# [EM] Fw: IBCM, Tideman, Schulze

Markus Schulze schulze at sol.physik.tu-berlin.de
Mon Jul 24 09:40:48 PDT 2000

```Dear Mike,

you wrote (23 July 2000):
> Markus wrote (23 July 2000):
> > Mike wrote (23 July 2000):
> > > That SSD definition has a natural & obvious motivation
> > > & justification that Schulze doesn't have. Both your
> > > definitions use beatpaths.
> >
> > But the SSD definition uses Schwartz sets. And the
> > definition of Schwartz sets uses beat paths.
>
> The Schwartz set can be defined in terms of innermost
> unbeaten sets. The Schwartz set is the set of candidates
> who are in innermost unbeaten sets. But my SSD definition
> yesterday avoided mentioning the Schwartz set, and only
> spoke of innermost unbeaten sets.

You wrote (23 July 2000):
> That isn't simple. This is simple:
>
> 1. An unbeaten set is a set of candidates none of whom are
>    beaten by anyone outside that set.
> 2. An innermost unbeaten set is an unbeaten set that doesn't
>    contain a smaller unbeaten set.
> 3. Drop the weakest defeat that is among an innermost unbeaten
>    set. Repeat till there's an unbeaten candidate.

It is dangerous to believe that you can make an election method
simpler simply by using the term "innermost unbeaten set" instead
of "Schwartz set" and simply by avoiding explaining properly how
this set is actually calculated.

***

In so far as SSD and Schulze differ only when there are pairwise
ties, it is necessary to consider examples with pairwise ties to
decide which method is better. But when there are pairwise ties
then SSD violates independence from clones.

Example:

Suppose that the Senate uses SSD to elect its President
pro tempore. Suppose that 50 Senators are Democrats and
50 Senators are Republicans. Suppose that the Democrats
nominate three candidates A1, A2 and A3 and that the
Republicans nominate only one candidate B. Then a possible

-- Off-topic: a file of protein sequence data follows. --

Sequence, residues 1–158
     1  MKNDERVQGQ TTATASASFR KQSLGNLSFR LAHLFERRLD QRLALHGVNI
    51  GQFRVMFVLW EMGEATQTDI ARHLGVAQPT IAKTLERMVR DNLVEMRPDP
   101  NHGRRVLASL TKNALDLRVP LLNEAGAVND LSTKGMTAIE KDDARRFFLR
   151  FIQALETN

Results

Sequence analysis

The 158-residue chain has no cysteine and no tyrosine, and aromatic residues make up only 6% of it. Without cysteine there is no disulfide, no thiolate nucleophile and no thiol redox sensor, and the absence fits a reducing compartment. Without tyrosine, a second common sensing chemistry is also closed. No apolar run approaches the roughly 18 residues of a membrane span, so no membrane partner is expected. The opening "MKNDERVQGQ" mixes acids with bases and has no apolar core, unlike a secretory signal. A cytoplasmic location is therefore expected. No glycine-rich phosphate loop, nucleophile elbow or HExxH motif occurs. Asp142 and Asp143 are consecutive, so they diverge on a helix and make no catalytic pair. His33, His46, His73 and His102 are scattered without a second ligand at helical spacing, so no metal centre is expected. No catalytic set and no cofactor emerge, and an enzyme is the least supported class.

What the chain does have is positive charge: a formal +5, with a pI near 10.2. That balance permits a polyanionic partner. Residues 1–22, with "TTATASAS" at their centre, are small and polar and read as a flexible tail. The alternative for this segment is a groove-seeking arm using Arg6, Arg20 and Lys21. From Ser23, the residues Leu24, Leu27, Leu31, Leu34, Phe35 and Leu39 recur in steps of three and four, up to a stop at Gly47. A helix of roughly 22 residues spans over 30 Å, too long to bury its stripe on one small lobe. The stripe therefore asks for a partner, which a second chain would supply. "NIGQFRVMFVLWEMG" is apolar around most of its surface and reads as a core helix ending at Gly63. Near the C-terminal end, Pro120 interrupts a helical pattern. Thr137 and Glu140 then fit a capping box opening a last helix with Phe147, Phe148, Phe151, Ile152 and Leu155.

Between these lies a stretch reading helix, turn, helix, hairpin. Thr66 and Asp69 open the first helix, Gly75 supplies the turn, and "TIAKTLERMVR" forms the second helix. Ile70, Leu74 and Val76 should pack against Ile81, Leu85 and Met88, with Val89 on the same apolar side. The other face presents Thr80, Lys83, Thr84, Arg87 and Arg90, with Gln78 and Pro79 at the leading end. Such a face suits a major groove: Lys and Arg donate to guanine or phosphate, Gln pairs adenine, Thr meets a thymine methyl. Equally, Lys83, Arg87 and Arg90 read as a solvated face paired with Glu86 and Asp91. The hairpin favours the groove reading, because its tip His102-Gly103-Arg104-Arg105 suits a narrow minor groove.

situation looks as follows:

40 Senators vote A1 > A2 > A3 > B.
35 Senators vote B > A2 > A3 > A1.
15 Senators vote B > A3 > A1 > A2.
10 Senators vote A3 > A1 > A2 > B.

The pairwise matrix looks as follows:

A1:B = 50:50
A2:B = 50:50
A3:B = 50:50
A1:A2 = 65:35
A1:A3 = 40:60
A2:A3 = 75:25

SSD elects candidate B decisively.

On the other side (A1,A2,A3) is a set of clones. And when this
set of clones is substituted with a single makro candidate A
then the situation above looks as follows:

50 Senators vote A > B.
50 Senators vote B > A.

Therefore, independence from clones says that candidate B
must be elected with a probability of 50% and that one of the
candidates A1,A2,A3 must be elected with a probability of 50%.

***

You wrote (23 July 2000):
> It's _obvious_ that the members of an innermost unbeaten set
> are uniquely deserving of winning.

This statement demonstrates that Steve erred when he suggested
that you don't consider the Schwartz set to be important (26 Feb
2000). When you say that "it's _obvious_ that the members of an
innermost unbeaten set are uniquely deserving of winning" then
this includes that you consider the Schwartz criterion to be
_very_ important.

Markus Schulze
schulze at sol.physik.tu-berlin.de
schulze at math.tu-berlin.de
markusschulze at planet-interkom.de

```